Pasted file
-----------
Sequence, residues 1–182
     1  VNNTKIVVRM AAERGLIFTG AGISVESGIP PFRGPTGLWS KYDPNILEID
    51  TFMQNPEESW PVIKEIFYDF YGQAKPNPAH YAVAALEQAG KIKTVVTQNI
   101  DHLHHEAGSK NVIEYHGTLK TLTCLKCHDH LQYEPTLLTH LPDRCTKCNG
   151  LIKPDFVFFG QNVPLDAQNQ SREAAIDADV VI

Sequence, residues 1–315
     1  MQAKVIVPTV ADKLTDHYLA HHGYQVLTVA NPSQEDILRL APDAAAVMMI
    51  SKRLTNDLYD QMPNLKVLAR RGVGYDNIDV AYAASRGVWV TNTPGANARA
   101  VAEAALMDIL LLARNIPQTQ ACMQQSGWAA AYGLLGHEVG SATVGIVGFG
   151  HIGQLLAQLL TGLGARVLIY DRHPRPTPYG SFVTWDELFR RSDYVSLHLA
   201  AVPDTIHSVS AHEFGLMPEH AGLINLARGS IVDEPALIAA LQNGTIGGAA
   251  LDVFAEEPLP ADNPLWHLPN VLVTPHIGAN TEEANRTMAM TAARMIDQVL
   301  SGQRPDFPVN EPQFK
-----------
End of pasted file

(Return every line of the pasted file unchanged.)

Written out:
Sequence, residues 1–182
     1  VNNTKIVVRM AAERGLIFTG AGISVESGIP PFRGPTGLWS KYDPNILEID
    51  TFMQNPEESW PVIKEIFYDF YGQAKPNPAH YAVAALEQAG KIKTVVTQNI
   101  DHLHHEAGSK NVIEYHGTLK TLTCLKCHDH LQYEPTLLTH LPDRCTKCNG
   151  LIKPDFVFFG QNVPLDAQNQ SREAAIDADV VI

Sequence, residues 1–315
     1  MQAKVIVPTV ADKLTDHYLA HHGYQVLTVA NPSQEDILRL APDAAAVMMI
    51  SKRLTNDLYD QMPNLKVLAR RGVGYDNIDV AYAASRGVWV TNTPGANARA
   101  VAEAALMDIL LLARNIPQTQ ACMQQSGWAA AYGLLGHEVG SATVGIVGFG
   151  HIGQLLAQLL TGLGARVLIY DRHPRPTPYG SFVTWDELFR RSDYVSLHLA
   201  AVPDTIHSVS AHEFGLMPEH AGLINLARGS IVDEPALIAA LQNGTIGGAA
   251  LDVFAEEPLP ADNPLWHLPN VLVTPHIGAN TEEANRTMAM TAARMIDQVL
   301  SGQRPDFPVN EPQFK